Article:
The Worst Part of a Plague: Despair

Thucydides 2.48

Let each person who understands something about this, whether a doctor or a private citizen, speak about what its likely origin was and whatever causes he believes likely of such a great change. I will only say what kind of a disease it was and how someone might recognize it and be able not to be ignorant about it if it should appear again. I will describe it clearly because I was sick myself and I watched others suffering from it too.”

  1.  λεγέτω μὲν οὖν περὶ αὐτοῦ ὡς ἕκαστος γιγνώσκει καὶ ἰατρὸς καὶ ἰδιώτης, ἀφ᾽ ὅτου εἰκὸς ἦν γενέσθαι αὐτό, καὶ τὰς αἰτίας ἅστινας νομίζει τοσαύτης μεταβολῆς ἱκανὰς εἶναι δύναμιν ἐς τὸ μεταστῆσαι σχεῖν: ἐγὼ δὲ οἷόν τε ἐγίγνετο λέξω, καὶ ἀφ᾽ ὧν ἄν τις σκοπῶν, εἴ ποτε καὶ αὖθις ἐπιπέσοι, μάλιστ᾽ ἂν ἔχοι τι προειδὼς μὴ ἀγνοεῖν, ταῦτα δηλώσω αὐτός τε νοσήσας καὶ αὐτὸς ἰδὼν ἄλλους πάσχοντας.

Thucydides, 2.51

“The most terrible feature of the sickness was the despair which came when anyone perceived they were getting sick. For when they fell into to this depression they surrendered much of their will and could not endure the thought of the disease. In addition people were dying like sheep, contracting the disease by caring for one another.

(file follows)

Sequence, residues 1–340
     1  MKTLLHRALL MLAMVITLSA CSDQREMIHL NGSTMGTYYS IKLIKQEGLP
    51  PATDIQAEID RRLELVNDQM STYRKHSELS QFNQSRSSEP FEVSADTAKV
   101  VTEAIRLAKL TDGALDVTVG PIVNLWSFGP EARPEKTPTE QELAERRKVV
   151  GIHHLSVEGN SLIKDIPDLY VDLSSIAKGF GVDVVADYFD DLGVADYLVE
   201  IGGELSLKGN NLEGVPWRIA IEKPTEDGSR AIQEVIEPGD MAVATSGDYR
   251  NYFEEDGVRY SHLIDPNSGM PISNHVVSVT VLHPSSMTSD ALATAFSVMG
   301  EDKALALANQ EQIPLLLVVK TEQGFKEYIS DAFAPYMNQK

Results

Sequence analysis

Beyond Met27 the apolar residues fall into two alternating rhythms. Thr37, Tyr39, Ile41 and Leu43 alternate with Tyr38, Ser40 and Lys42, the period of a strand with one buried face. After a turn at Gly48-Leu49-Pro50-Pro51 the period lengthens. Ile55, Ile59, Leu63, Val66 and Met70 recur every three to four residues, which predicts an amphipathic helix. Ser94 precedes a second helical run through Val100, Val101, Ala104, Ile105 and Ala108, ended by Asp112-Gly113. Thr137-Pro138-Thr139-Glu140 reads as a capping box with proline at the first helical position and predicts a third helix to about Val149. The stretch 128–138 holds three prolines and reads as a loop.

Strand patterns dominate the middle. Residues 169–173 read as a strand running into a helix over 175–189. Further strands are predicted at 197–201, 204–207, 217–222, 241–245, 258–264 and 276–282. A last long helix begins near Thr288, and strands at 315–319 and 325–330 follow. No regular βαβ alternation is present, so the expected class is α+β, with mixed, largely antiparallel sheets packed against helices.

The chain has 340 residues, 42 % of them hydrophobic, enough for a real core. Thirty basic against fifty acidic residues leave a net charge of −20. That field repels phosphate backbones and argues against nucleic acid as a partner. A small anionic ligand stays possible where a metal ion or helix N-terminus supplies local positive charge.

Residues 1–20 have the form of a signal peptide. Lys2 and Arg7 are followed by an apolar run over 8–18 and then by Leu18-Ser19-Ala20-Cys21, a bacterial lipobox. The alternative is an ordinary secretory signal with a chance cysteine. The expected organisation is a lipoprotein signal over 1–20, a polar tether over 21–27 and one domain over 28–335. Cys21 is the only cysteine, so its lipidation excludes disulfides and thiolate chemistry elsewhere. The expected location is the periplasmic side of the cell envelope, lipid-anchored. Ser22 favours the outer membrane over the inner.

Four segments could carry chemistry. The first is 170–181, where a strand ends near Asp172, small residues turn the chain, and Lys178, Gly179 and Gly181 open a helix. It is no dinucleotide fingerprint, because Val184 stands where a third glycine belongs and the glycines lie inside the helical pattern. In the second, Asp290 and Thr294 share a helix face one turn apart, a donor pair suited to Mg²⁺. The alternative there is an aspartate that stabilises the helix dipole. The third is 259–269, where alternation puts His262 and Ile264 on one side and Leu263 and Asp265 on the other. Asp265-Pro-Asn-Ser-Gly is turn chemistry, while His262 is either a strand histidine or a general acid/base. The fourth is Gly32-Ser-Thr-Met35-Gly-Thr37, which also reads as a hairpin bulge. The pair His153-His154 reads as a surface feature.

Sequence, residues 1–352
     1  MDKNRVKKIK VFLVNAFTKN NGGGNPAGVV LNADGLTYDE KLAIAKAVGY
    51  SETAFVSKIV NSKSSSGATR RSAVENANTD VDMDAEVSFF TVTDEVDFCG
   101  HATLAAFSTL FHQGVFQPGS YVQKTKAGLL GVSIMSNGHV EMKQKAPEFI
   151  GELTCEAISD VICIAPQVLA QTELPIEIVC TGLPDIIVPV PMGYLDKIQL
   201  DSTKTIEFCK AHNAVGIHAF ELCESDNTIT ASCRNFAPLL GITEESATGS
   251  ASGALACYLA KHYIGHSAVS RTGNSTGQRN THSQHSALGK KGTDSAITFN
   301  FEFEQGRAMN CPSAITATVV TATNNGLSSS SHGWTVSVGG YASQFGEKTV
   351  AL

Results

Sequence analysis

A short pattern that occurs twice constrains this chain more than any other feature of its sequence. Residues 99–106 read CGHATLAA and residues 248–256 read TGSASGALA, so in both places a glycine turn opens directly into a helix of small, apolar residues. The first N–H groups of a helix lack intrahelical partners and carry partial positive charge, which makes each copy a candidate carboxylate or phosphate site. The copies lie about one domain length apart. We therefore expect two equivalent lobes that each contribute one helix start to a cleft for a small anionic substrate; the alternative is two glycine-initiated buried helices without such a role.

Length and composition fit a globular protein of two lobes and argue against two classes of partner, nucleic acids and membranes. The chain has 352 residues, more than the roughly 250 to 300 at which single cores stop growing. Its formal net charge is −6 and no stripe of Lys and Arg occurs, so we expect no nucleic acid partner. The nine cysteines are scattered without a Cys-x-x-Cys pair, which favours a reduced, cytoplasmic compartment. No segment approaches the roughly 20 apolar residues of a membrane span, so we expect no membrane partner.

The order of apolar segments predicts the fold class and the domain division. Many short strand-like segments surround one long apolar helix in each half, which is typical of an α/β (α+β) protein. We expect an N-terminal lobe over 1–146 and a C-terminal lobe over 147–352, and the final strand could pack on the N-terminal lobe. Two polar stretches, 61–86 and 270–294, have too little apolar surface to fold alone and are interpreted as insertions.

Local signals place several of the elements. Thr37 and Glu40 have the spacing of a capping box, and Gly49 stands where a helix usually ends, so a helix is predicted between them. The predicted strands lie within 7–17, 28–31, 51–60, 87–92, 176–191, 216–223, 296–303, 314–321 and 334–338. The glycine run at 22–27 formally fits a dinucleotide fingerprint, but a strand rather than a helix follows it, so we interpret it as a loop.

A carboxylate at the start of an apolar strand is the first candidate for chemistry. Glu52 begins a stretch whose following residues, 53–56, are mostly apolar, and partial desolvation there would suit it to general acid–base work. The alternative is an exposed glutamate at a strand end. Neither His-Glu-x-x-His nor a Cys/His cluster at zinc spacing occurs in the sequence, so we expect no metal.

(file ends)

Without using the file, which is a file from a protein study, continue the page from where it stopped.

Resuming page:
This caused the most fatalities. For If they were not willing to visit one another out of fear, then they died along and many households vanished because they lacked anyone to care for them. But if they did go to visit, then they were still dying. This happened the most with those who still tried to be virtuous. Shame would not let them spare themselves as they went to visit their friends, even as the cries of the people dying were ending and the whole family was exhausted, overcome by the sickness.

But it was those who had survived who pitied the dying and the struggling because they understood what it was like and no longer had fear for themselves. The same person didn’t get sick a second time to the point of dying.”

[4] δεινότατον δὲ παντὸς ἦν τοῦ κακοῦ ἥ τε ἀθυμία ὁπότε τις αἴσθοιτο κάμνων (πρὸς γὰρ τὸ ἀνέλπιστον εὐθὺς τραπόμενοι τῇ γνώμῃ πολλῷ μᾶλλον προΐεντο σφᾶς αὐτοὺς καὶ οὐκ ἀντεῖχον), καὶ ὅτι ἕτερος ἀφ᾽ ἑτέρου θεραπείας ἀναπιμπλάμενοι ὥσπερ τὰ πρόβατα ἔθνῃσκον: καὶ τὸν πλεῖστον φθόρον τοῦτο ἐνεποίει. [5] εἴτε γὰρ μὴ ‘θέλοιεν δεδιότες ἀλλήλοις προσιέναι, ἀπώλλυντο ἐρῆμοι, καὶ οἰκίαι πολλαὶ ἐκενώθησαν ἀπορίᾳ τοῦ θεραπεύσοντος: εἴτε προσίοιεν, διεφθείροντο, καὶ μάλιστα οἱ ἀρετῆς τι μεταποιούμενοι: αἰσχύνῃ γὰρ ἠφείδουν σφῶν αὐτῶν ἐσιόντες παρὰ τοὺς φίλους, ἐπεὶ καὶ τὰς ὀλοφύρσεις τῶν ἀπογιγνομένων τελευτῶντες καὶ οἱ οἰκεῖοι ἐξέκαμνον ὑπὸ τοῦ πολλοῦ κακοῦ νικώμενοι. [6] ἐπὶ πλέον δ᾽ ὅμως οἱ διαπεφευγότες τόν τε θνῄσκοντα καὶ τὸν πονούμενον ᾠκτίζοντο διὰ τὸ προειδέναι τε καὶ αὐτοὶ ἤδη ἐν τῷ θαρσαλέῳ εἶναι: δὶς γὰρ τὸν αὐτόν, ὥστε καὶ κτείνειν, οὐκ ἐπελάμβανεν.

Edvard Munch, “Despair” 1894

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